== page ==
Netanyahu also disagreed with scholars who argued that the Marranos secretly kept practicing Judaism after being forced to convert. Instead, he believed those Jews were assimilationists and converted of their own volition, and that the Marrano myth was fostered during the Inquisition as an attempt to prove broader resistance.
Netanyahu and Tzila had three sons: Yonatan, Benjamin and Iddo, all of whom served in the same elite Israeli military commando unit. Yonatan, known as Yoni, commanded the Sayeret Matkal unit and was killed in action during a daring 1976 hostage rescue operation in Entebbe, Uganda.
Following his death, the elder Netanyahu returned to Israel full-time. His middle son Benjamin, nicknamed Bibi, went into politics and was elected prime minister of Israel in 1996 and again in 2009. Iddo, the youngest of the three, is a radiologist and writer.
Netanyahu is believed to have had great influence over his son Benjamin Netanyahu's politics and openly criticized him when his government made concessions toward the Palestinians.
Several analysts speculated that Benjamin Netanyahu was emotionally unable to sign off on a comprehensive peace deal with Israel's Arabs neighbors as long as his father was still alive, a notion the prime minister dismissed as "psychobabble."
In newspaper interviews late in life, Benzion Netanyahu was forceful in his skepticism of Middle East peace.
"The tendency to conflict is in the essence of the Arab. He is an enemy by essence. His personality won't allow him any compromise or agreement. It doesn't matter what kind of resistance he will meet, what price he will pay. His existence is one of perpetual war," he told the Maariv daily in 2009. "The Arab citizens' goal is to destroy us. They don't deny that they want to destroy us."
President Shimon Peres who spoke at a cornerstone laying ceremony at the Air Force's new technological college in Karmiel on Monday, asked participants to stand for one moment of silence in memory of Netanyahu. "A great historian and great Jew passed away," Peres said.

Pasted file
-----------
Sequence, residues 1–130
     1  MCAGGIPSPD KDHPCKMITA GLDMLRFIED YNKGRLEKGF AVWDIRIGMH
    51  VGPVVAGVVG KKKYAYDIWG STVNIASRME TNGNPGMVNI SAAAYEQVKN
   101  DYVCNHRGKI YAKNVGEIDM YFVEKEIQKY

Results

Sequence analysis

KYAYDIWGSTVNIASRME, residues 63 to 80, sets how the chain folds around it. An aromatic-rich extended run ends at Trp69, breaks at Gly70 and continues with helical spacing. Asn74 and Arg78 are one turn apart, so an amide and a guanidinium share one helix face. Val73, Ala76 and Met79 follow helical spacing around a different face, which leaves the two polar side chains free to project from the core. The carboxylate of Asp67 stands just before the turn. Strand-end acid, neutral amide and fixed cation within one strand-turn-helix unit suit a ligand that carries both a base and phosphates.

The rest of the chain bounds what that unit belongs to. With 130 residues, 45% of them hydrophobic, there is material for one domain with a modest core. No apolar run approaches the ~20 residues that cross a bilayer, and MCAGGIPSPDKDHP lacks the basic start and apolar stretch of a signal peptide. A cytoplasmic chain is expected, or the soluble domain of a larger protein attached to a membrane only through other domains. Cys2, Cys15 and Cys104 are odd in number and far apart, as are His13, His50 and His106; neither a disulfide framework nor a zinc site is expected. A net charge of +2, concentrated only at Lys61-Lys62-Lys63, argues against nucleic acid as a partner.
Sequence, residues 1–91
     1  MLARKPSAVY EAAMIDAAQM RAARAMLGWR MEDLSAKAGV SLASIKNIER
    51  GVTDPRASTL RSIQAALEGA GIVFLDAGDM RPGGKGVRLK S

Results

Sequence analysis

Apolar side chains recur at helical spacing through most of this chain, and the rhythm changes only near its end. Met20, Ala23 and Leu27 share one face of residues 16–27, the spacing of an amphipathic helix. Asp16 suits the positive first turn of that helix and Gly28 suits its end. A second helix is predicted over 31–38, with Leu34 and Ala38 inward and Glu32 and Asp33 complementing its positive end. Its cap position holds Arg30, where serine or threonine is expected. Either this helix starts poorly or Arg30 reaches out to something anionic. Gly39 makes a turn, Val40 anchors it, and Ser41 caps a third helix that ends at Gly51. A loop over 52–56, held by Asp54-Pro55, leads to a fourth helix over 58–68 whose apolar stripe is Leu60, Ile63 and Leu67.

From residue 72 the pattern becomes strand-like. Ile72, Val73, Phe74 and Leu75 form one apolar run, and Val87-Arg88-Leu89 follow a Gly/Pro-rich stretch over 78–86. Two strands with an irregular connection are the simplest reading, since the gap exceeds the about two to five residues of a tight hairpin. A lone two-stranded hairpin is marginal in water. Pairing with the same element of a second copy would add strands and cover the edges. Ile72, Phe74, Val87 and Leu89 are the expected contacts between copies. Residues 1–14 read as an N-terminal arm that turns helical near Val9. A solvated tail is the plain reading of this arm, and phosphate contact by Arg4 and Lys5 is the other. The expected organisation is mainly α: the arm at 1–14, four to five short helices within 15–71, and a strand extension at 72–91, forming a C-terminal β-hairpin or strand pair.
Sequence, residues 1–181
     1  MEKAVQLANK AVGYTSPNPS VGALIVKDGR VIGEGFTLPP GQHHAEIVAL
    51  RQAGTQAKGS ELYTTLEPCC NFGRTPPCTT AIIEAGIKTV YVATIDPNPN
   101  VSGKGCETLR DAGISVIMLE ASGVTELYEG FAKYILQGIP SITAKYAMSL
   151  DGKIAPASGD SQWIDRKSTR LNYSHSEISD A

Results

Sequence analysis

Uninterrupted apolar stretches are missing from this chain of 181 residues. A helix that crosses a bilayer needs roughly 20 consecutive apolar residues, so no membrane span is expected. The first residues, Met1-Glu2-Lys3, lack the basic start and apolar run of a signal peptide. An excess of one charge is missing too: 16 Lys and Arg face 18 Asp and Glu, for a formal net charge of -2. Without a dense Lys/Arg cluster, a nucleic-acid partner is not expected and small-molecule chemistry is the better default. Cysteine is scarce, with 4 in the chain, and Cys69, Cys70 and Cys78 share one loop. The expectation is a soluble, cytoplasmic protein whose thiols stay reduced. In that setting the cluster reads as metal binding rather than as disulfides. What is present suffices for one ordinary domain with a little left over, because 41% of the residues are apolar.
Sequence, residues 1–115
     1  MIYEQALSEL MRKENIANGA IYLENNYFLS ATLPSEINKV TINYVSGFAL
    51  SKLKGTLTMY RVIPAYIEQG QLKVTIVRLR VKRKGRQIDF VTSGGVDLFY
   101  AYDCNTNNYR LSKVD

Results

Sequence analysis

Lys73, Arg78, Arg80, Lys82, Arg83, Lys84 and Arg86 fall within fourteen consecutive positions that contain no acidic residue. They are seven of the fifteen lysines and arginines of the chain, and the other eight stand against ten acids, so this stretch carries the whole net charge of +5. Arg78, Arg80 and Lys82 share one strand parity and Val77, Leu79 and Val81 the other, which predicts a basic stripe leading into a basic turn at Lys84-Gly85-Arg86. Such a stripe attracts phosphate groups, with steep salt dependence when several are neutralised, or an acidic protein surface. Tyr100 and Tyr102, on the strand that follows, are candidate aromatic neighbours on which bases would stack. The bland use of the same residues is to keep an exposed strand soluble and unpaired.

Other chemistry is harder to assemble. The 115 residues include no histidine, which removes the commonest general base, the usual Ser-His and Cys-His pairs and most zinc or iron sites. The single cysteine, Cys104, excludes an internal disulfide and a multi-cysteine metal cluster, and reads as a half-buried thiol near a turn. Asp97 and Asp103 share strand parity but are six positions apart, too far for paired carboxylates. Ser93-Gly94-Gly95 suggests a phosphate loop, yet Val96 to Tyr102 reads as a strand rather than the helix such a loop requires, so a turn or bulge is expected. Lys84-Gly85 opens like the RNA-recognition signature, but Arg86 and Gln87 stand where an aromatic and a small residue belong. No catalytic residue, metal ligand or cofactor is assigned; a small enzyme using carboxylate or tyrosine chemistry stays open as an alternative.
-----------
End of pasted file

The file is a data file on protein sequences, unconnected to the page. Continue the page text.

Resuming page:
Knesset Speaker Reuven Rivlin commented on Israel Radio about the influence that Benzion Netanyahu had on his son Benjamin (referring to the latter by his nickname). "Bibi learned the pure Zionism from a man who was so close to Jabotinsky," he said.
"He was educated in a home where Zionism was a Zionism with no compromise ... though Bibi's realpolitik was much more developed," Rivlin added.
At a party to celebrate his father's 100th birthday, the Jewish Chronicle quoted the prime minister as saying, "I learned from you to look into the future."
In his own speech at the same event, Benzion warned of the dangers Iran posed as it forged ahead with a nuclear program that many in the West believe is aimed at acquiring atomic bombs.
He said Israel should be ready to strike Iran when "there is a reasonable chance of success."
The Zionist ideology that Netanyahu advocated was based on the belief that Jews had the right to live in all the biblical land of Israel, including Judea and Samaria, east Jerusalem and parts of modern-day Jordan. In 2004, Netanyahu was among the signatories to a petition that called the disengagement from the Gaza Strip a "crime against humanity."
In 2011, Education Minister Gideon Sa’ar awarded Benzion Netanyahu the Dona Gracia medal in recognition of his work on the subject of Spanish Jews.